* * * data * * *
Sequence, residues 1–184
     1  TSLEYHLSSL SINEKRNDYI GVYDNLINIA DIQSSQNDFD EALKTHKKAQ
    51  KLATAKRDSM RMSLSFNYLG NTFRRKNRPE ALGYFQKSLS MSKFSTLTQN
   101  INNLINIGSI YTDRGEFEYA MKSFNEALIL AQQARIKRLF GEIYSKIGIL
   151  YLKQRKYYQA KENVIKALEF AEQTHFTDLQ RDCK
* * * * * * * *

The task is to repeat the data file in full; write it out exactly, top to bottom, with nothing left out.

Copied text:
Sequence, residues 1–184
     1  TSLEYHLSSL SINEKRNDYI GVYDNLINIA DIQSSQNDFD EALKTHKKAQ
    51  KLATAKRDSM RMSLSFNYLG NTFRRKNRPE ALGYFQKSLS MSKFSTLTQN
   101  INNLINIGSI YTDRGEFEYA MKSFNEALIL AQQARIKRLF GEIYSKIGIL
   151  YLKQRKYYQA KENVIKALEF AEQTHFTDLQ RDCK